All of this has been about the lyric. But needless to say, the melody and harmony (chords) are vitally important. They are the wavelengths that carry the lyric along that invisible line I mentioned earlier. Obscurity breaks the line, but a weak melody completely dissolves it.

As performers we can tell when we have a strong melody, compelling harmony and a lyric that moves the listener. That’s when the audience is very quiet and attentive. Sometimes they cry, and we like that too.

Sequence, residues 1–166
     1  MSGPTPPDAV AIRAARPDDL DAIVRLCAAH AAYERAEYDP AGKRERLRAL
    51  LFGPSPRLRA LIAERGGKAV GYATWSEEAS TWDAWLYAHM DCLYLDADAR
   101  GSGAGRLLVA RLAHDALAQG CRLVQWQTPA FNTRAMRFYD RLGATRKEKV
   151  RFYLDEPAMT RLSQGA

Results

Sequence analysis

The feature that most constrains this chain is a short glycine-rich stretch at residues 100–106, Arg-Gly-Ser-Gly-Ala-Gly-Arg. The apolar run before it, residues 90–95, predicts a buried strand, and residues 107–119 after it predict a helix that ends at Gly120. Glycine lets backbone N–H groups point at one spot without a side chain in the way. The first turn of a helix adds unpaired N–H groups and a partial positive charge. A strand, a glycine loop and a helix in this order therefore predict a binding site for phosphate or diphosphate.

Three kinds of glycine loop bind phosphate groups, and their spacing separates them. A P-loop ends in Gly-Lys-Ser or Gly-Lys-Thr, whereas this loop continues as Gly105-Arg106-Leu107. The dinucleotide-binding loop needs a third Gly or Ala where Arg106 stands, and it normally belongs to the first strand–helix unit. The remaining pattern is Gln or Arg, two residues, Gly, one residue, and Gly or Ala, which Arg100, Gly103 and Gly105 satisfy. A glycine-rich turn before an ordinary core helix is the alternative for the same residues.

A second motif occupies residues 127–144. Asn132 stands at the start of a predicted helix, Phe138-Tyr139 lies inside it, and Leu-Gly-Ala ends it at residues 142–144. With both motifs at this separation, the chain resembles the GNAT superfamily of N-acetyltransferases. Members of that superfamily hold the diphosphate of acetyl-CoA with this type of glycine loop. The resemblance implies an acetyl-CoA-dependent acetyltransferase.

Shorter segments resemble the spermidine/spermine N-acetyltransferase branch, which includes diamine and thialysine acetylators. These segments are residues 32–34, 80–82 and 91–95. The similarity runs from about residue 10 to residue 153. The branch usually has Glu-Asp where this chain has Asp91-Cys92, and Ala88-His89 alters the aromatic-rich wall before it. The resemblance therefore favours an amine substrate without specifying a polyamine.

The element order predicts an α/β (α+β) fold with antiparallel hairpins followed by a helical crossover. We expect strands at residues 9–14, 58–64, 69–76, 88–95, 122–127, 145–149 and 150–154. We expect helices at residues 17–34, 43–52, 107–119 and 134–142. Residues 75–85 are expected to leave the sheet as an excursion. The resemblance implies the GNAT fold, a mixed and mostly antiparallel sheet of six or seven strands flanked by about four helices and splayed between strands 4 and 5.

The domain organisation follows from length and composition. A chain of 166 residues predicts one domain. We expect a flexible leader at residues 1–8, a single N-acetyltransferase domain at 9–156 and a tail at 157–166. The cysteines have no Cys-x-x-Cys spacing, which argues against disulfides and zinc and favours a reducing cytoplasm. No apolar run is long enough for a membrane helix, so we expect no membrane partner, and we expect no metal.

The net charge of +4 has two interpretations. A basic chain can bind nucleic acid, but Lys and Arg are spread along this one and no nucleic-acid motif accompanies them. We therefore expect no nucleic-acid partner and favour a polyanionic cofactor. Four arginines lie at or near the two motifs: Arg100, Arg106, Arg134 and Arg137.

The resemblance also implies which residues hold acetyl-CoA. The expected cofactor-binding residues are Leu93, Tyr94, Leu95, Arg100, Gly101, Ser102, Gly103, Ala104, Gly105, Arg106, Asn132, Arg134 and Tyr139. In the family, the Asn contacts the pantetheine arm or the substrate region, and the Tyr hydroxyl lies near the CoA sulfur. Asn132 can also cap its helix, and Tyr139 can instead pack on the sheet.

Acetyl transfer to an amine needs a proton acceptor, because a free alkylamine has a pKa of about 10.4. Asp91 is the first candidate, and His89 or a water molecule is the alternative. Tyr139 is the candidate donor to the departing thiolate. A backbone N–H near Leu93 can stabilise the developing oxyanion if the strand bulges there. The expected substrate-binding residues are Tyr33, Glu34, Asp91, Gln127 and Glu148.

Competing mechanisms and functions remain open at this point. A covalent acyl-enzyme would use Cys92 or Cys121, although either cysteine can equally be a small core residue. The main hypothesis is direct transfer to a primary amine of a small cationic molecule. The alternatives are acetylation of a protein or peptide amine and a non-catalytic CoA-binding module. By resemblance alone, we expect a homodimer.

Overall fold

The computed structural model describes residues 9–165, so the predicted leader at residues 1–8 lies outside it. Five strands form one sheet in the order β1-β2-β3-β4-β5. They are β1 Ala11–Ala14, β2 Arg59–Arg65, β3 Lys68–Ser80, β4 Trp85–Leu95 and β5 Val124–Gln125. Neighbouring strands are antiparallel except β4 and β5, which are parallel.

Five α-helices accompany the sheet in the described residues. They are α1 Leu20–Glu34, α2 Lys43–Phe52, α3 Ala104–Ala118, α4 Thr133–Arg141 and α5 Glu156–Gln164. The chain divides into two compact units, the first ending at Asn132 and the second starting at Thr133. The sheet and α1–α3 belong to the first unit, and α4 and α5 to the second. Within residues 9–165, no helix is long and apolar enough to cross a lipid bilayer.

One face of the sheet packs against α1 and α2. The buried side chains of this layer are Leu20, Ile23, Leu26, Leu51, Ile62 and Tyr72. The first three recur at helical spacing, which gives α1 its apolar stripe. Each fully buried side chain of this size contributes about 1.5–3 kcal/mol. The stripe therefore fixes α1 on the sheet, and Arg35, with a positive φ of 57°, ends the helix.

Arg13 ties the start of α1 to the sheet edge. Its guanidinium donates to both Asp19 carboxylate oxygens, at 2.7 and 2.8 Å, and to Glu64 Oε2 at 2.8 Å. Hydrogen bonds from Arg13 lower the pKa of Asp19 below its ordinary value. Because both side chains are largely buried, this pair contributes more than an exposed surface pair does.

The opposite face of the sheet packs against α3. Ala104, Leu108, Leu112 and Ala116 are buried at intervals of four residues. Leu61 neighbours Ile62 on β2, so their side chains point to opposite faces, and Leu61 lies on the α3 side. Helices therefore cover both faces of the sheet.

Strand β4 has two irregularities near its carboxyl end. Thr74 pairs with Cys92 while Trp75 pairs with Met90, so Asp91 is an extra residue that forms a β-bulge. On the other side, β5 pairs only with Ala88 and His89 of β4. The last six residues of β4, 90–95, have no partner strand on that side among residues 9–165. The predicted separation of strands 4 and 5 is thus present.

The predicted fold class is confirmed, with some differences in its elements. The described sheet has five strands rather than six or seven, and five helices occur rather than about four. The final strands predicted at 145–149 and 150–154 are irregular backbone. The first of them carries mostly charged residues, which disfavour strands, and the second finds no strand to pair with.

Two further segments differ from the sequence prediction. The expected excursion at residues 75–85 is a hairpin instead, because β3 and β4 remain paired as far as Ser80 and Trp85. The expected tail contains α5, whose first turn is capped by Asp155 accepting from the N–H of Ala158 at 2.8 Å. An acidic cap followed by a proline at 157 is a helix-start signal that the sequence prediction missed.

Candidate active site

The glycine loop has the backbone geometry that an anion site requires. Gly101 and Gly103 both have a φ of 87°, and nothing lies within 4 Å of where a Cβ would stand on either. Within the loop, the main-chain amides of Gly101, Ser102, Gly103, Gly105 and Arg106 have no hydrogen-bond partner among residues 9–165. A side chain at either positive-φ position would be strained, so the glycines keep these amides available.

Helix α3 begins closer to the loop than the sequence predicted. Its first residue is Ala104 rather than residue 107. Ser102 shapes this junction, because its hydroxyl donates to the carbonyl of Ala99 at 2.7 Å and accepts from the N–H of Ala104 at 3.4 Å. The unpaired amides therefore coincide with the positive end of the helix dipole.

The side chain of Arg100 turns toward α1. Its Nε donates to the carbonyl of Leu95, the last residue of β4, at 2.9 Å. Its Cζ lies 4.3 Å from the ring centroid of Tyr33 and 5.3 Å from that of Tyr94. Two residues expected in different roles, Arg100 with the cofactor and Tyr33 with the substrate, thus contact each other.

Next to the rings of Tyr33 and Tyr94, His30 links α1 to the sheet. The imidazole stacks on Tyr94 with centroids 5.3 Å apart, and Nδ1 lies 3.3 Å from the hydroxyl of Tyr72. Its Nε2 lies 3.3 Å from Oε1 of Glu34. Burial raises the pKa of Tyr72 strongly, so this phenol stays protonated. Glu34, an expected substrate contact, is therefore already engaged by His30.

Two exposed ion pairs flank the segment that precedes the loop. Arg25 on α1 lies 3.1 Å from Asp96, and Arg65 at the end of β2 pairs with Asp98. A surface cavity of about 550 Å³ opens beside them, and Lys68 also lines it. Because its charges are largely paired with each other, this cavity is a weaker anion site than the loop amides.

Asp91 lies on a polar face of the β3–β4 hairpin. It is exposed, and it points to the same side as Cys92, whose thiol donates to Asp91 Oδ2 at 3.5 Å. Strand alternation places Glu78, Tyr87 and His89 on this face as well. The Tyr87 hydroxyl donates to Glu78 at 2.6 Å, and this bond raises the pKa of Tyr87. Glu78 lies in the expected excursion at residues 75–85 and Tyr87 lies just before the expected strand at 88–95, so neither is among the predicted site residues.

Harriet Schock wrote the words and music to the Grammy-nominated #1 hit for Helen Reddy, "Ain't No Way To Treat A Lady" plus many songs for other artists, TV shows and films. She co-wrote the theme for “Jakers! The Adventures of Piggley Winks,” currently showing in 30 countries. She and her band were featured in Henry Jaglom’s film “Irene In Time” performing 4 of Harriet’s songs. She also scored two other Jaglom films and is starring in the current movie “Just 45 Minutes from Broadway.“ Harriet is in the process of writing the songs for “Last of the Bad Girls,” a musical with book by Diane Ladd. Karen Black wrote the play, “Missouri Waltz,” around five of Harriet’s songs, which ran for 6 weeks at the Blank Theatre in Hollywood as well as in Macon, Georgia. Harriet teaches songwriting privately, in classes and a popular online course by private email. In 2007, Los Angeles Women In Music honored Harriet with their Career Achievement and Industry Contribution award. For her performance schedule, list of credits and samples of her work or information on herbook (Becoming Remarkable, for Songwriters and Those Who Love Songs), her songwriting classes and consultation, go to: www.harrietschock.com.